I'll add that you should get a quart can of "de-glosser" or "gloss remover", which is a pre paint cleaner that removes any previous gloss (semi or not), and cleans any oil from the hands off. Removing the gloss roughens the old paint, allowing the new coat to stick better. Clean off the old paint as best as you can, then use this stuff on a rag as the final cleaning step.
Go to a paint store, such as Benjamin Moore or Sherwin Williams rather than the big box store, as I'd trust their advice more.
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wrote:

OK, thanks to all for the advise. Will take the time and do it right with the higher quality paints as I will be here (hopefully) a long time.
Stone
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Not true (it is sold in 5 gal buckets, but also 1 gallon buckets and often quarts as well, such as SuperPaint.)
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That is what I was told by my painters.
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That is not suprising, is it? :-) First, they might be trying to protect their interests (make it sound like only they can reasonably afford such things.) Second, they might just be totally clueless, which would be fairly typical of "professional" painters.
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As I also have MS, it is more like "I don't want to eff with it". If I did, I'd go with Benjamin Moore, and a 2 layer job. I found it on the web, it was one of Glidden's industrial paints.
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Not aware of any connection between BM and Glidden. Glidden is owned by ICI Dulux, which sells their own paint as well.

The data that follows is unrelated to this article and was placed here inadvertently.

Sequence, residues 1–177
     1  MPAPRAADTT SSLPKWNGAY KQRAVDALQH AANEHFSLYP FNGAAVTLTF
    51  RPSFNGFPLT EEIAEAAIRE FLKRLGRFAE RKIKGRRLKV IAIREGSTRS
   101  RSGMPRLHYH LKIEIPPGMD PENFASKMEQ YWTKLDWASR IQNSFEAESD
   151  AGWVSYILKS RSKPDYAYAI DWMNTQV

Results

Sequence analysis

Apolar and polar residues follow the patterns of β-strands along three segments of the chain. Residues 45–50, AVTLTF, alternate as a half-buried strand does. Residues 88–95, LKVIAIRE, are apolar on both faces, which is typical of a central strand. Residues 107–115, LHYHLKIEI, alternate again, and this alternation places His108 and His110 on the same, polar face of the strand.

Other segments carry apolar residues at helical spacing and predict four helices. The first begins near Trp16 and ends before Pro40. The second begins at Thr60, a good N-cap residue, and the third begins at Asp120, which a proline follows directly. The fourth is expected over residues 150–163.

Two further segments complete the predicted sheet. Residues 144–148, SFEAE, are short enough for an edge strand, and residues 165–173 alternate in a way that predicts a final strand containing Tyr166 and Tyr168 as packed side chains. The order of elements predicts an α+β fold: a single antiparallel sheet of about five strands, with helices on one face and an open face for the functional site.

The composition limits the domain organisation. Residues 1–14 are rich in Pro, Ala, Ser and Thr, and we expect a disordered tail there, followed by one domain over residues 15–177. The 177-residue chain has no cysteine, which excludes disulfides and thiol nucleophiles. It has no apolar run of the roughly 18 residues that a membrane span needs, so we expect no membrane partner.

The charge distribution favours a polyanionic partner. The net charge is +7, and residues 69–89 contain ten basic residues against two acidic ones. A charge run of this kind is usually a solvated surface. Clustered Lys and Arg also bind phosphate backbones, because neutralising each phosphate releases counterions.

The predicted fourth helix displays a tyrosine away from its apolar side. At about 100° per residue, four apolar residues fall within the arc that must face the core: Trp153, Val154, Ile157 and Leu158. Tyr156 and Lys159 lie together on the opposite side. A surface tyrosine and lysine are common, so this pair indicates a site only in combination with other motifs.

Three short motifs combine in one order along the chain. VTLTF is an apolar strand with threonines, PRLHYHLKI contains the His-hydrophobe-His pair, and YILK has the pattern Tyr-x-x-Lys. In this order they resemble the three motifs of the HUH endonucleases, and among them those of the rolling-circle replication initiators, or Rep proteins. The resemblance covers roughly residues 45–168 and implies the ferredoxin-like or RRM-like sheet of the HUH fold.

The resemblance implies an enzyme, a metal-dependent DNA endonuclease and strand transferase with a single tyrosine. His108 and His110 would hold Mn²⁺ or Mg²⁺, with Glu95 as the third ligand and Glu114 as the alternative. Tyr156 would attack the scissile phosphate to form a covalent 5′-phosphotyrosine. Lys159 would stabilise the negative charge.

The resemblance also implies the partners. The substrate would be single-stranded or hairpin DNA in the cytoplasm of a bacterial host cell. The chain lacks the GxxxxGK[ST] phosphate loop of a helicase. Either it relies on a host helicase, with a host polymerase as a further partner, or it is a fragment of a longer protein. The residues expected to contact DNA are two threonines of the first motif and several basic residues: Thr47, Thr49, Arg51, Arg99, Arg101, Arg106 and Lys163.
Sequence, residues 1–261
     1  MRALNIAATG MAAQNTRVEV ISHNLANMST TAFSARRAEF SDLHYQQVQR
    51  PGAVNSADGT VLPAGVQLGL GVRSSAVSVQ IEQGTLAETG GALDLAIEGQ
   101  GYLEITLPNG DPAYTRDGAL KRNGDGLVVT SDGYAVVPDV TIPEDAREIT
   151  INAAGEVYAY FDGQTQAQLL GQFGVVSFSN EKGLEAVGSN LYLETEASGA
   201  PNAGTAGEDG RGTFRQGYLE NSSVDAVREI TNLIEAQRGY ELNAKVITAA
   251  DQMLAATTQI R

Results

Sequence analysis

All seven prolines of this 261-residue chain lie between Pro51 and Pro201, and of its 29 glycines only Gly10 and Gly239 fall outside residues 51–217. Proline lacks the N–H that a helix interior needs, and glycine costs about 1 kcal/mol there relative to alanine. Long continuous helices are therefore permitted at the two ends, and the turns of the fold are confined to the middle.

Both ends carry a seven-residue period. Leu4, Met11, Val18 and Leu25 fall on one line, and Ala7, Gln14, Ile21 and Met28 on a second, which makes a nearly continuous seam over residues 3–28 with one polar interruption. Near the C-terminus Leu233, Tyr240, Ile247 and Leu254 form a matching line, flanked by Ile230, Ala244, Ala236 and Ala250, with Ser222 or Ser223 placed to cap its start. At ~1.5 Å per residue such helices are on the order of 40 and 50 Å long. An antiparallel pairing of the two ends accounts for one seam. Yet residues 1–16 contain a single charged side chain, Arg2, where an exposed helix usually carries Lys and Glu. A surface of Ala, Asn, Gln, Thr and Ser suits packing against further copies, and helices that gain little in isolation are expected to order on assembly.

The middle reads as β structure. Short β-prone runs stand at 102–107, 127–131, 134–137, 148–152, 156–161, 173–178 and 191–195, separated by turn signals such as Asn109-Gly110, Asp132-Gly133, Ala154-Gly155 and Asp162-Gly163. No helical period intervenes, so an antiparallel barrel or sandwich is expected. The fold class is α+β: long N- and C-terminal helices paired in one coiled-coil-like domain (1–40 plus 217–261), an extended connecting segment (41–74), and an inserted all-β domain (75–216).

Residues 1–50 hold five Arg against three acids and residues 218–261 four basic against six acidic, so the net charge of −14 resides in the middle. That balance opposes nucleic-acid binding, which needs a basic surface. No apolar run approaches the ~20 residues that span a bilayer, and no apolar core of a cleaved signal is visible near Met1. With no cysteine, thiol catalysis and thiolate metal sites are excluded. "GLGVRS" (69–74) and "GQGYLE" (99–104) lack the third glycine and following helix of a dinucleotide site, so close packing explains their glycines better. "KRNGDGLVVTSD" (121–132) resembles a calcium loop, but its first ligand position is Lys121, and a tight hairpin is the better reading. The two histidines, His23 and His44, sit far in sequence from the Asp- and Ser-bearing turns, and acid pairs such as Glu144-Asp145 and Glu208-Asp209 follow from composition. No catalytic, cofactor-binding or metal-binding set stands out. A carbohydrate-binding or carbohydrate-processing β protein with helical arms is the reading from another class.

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I'd use BM. The painters used Glidden, worked fine, I've no problem with it, and didn't specify any specific paint to be used.
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Huh? Any paint that comes off like that has to be totally removed, and you have to figure out what's making it come off. Once you're down to solid paint or some substrate (like good drywall), then...

Yes, there is one coat paint, and if you use a quality paint, and don't have to paint a color like bright red, you can usually paint in one coat without a primer (the paint itself acts as primer.) This type of paint is more expensive though. But what is more expensive, paint that costs twice as much that needs one coat, or paint that costs half as much and needs 2 coats (so you need twice as much of it?) Obviously the more expensive paint is cheaper in terms of labor. One such paint is Sherwin Williams SuperPaint. There are others from other companies. I'd go with satin or eggshell in a bathroom, or possibly semi-gloss if you like that extra shine (which I don't).
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Gary Stone wrote:

exterior paint. If it washes off, have someone wash it. Sounds like it would be worthwhile to use a primer after it is clean and dry.
I like semi-gloss alkyd paint for kitchen and bath for washability and durability. I consider prep - washing, patching and sanding - to be the most strenuous part of painting (after shopping for all the gear). Do you have a friend or housemate who will help with the chores? Good way to sort friends from the riff-raff is by asking someone :o) Then, break it down into small parts - tape one day, brush in borders the next, roll a coat, rest a day or two, roll another. As for asking for help, I have friends who understand when I need help and for whom I can reciprocate. I have also had some mighty darn proud friends who trusted me enough to ask for help and whom I was very happy to oblige.
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You need to clean off whatever comes off -- paint, soap film, etc. I'd use a primer on the bad spot you mentioned. Someone mentioned a de-glosser -- though it's a good idea, i find it unnecessary. At most just use some sandpaper to scuff the surface. Never flat in the bath. I would go with at least an eggshell, probably a satin, maybe a semi-gloss.
Any one-coat paints are going to be high end commercial stuff. Count on 2 coats, and if one coat covers yell "yay!". Oddly enough, covering white with white is typically a 2 coat job.